When a soldier is suffering from an infection, he wants to begin the diagnosis and treatment processes immediately. But current methods take several days to confirm infection, leaving healthcare providers with limited and less-than-ideal options.
A team of West Virginia University scientists, however, is working on a way to quickly detect agents that cause would infections, as a way to serve those brave men and women who serve in the US armed forces.
Letha Sooter, PhD, assistant professor in the WVU School of Pharmacy Department of Pharmaceutical Sciences, is part of a team that is developing a simple testing apparatus that will offer rapid results for soldiers.
Much of Dr. Sooter’s research focuses on a bacterium called Pseudomonas aeruginosa, which commonly infects burn wounds. “It releases a toxin that causes a wound to die and inhibits the healing process,” Sooter said.
WVU graduate student Zachary Cox, who is also a member of the West Virginia Air National Guard, works with Sooter, thanks to a scholarship from the Oak Ridge Institute for Science and Education (ORISE) and a partnership with the US Army Natick Soldier, Research, Development, and Engineering Center. “The bacterium P. aeruginosa has been associated with higher mortality in patients as well as increasing care time and cost,” he said. “Diagnosis depends on traditional methods that are reliable but requires substantial time to confirm an infection. Due to the delay in diagnosis, patients are often given antibiotics that can exacerbate antibiotic resistance of the bacteria.”
The WVU team is working to identify binding elements for the bacterium, with the end goal of creating a “really cool device that is super sensitive.” Sooter envisions an optical sensor with a glowing signal if the device detects the causative agents. Collaborating with others experts makes Sooter’s goal achievable. The team includes: WVU Department of Chemistry Associate Professor Lisa Holland, PhD; Department of Computer Science and Electrical Engineering Research Assistant Professor Jeremy Dawson, PhD; and Department of Microbiology, Immunology, and Cell Biology Associate Professor Slawomir Lukomski, PhD, ScD.
“They take my binding element and incorporate it into their device, and all of a sudden, we’ve got a state-of-the-art sensor,” Sooter added. “Through WVU’s nanotechnology initiative, called NanoSAFE, that was possible. We’re really focused on getting all of these pieces together, so we can have this cool device.”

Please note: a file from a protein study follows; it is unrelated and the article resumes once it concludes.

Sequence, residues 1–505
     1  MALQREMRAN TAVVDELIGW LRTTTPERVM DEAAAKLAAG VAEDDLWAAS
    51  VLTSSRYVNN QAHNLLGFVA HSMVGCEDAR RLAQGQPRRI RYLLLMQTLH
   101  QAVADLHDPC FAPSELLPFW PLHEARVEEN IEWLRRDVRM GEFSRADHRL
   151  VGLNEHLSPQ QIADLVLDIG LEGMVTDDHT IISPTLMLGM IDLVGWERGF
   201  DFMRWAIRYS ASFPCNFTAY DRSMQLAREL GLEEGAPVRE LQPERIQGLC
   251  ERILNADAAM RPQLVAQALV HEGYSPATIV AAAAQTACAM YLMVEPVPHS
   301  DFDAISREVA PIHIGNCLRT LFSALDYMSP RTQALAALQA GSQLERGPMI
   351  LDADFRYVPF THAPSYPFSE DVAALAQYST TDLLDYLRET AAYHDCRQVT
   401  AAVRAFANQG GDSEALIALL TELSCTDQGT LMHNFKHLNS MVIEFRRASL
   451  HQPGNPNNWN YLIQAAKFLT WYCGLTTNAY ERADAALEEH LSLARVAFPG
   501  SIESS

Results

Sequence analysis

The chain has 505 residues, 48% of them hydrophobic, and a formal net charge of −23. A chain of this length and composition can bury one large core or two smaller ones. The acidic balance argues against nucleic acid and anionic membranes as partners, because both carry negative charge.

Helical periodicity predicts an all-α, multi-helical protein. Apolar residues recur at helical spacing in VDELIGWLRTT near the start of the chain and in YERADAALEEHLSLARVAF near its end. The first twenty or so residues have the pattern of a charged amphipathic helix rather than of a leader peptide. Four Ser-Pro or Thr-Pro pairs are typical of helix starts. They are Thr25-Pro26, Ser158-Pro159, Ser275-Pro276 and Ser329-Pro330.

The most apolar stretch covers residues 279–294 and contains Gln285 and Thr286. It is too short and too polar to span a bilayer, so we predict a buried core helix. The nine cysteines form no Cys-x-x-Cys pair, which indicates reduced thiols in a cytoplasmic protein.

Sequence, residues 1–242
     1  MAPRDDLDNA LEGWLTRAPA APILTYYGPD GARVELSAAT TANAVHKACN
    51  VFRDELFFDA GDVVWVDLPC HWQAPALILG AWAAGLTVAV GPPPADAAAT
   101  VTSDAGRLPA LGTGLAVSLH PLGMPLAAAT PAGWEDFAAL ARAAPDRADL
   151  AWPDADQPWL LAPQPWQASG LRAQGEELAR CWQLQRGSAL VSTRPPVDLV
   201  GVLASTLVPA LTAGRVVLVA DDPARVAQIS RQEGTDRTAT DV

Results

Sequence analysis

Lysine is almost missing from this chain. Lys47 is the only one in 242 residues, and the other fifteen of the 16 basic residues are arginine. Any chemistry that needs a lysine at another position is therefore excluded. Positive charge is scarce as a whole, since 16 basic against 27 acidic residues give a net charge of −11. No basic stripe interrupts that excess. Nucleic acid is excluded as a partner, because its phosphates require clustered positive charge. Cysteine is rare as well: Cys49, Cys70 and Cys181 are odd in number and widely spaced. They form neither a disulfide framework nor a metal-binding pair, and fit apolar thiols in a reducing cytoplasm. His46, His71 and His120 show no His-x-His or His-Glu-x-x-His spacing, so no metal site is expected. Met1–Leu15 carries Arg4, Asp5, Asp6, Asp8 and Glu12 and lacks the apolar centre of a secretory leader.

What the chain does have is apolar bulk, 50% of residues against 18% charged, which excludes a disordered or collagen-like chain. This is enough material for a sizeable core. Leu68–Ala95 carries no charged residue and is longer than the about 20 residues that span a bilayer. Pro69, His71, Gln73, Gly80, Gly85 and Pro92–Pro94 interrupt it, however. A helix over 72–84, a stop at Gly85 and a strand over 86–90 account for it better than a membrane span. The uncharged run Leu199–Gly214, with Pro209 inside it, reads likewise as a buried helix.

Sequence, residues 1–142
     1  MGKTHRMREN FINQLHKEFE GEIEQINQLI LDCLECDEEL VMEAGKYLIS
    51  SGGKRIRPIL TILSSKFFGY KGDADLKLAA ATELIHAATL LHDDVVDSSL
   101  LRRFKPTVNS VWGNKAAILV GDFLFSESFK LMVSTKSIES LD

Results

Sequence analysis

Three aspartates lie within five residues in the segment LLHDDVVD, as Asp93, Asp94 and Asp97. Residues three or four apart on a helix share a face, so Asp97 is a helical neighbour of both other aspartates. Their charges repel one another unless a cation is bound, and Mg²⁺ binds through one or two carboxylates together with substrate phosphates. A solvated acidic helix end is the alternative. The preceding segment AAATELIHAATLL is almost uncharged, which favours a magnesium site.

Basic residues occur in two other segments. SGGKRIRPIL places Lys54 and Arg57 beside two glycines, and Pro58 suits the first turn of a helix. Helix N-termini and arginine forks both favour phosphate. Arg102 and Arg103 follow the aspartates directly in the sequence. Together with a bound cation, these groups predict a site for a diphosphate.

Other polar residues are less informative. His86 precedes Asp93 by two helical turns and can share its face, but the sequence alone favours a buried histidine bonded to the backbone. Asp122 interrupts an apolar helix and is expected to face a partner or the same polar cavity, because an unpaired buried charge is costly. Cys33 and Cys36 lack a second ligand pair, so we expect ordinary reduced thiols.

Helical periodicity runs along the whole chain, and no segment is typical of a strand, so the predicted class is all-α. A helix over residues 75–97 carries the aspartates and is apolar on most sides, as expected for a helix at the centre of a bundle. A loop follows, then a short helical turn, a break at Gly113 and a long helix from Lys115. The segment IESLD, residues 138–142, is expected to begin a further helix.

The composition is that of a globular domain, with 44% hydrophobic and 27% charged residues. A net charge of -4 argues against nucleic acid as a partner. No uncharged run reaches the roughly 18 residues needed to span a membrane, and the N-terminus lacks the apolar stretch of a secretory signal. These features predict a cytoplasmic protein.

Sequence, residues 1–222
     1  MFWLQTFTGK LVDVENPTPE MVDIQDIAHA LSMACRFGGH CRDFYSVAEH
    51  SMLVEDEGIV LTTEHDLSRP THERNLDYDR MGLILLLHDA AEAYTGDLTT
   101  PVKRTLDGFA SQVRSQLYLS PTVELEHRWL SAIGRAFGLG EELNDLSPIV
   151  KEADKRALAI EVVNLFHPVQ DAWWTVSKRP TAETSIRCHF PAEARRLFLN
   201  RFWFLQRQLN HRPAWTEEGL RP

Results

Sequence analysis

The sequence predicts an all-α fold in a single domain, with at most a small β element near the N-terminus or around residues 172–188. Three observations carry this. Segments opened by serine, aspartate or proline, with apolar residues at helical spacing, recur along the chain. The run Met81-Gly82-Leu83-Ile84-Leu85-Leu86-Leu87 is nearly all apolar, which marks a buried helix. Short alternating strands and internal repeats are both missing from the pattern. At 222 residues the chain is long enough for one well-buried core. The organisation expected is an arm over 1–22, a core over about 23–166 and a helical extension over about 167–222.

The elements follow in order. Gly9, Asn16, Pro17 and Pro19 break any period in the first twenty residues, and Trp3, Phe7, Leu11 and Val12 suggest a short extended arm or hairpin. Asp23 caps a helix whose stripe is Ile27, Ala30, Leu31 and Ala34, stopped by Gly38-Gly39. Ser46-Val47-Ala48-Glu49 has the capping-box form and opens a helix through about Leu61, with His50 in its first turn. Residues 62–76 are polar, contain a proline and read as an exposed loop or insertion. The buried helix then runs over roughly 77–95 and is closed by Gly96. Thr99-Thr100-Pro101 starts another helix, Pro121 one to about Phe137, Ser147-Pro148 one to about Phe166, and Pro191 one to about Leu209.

While the device will protect soldiers in the field, it will also be useful for detecting P. aeruginosa in civilians, too. In fact, the bacterium is responsible for 10 percent of all hospital-acquired infections, according to Sooter. Developing the new sensor is “a win-win. It’s important for our military, but at the same time, it’s extremely important for everyone at home,” she said.
Sooter admits developing a new device takes years of research and time, but she and the team feel their efforts are worth protecting service men and women.
“Why develop these sensors? There’s a clear, present, unmet need – rapid, point-of-care diagnosis and detection of these agents,” Sooter said. “Say you have a person with a wound, they go to the doctor, the doctor swabs the wound, they have to grow it up in a culture, and a week later they can tell you what you’ve got. In the meantime, the person’s health has deteriorated. The person isn’t receiving the best possible treatment at the earliest possible time, which gives them a less positive health outcome. It’s an increased time of human suffering, increased dollars because that’s more doctor visits for them, and increased time that they have to take off work. All around, there is significant cost associated with delayed diagnosis and detection.”
Other advantages of using Sooter’s testing method include small size, cheap synthesis, environmental stability, and long shelf life. “If you’re in a hospital setting, you want to be able to store these things for a long time,” she said. “You want to be able to expose them to biological fluids and not have them fall apart.”
As a current service member, Cox said the potential applications of this research are especially meaningful to him.
“I consider my research a service to the brave men and women I serve with, and it means a lot that my work could mean less pain and suffering for these individuals,” said Cox, pictured at right. “It is my sincerest hope that this research will be utilized to decrease any undue suffering while allowing for the expedient targeted care these men and women deserve.”
At the end of the day, serving those who serve motivates Sooter.
“The service members who are defending our country and putting themselves in harm’s way every day – I owe everything to them,” she said. “I’m very honored to try and help them and to give back to make their lives easier. In West Virginia, a lot of people are involved directly or have family and friends who are part of the service. I think it’s really important to make them as effective as possible, so they can be as safe as possible, so that they’re all healthy and can come home.”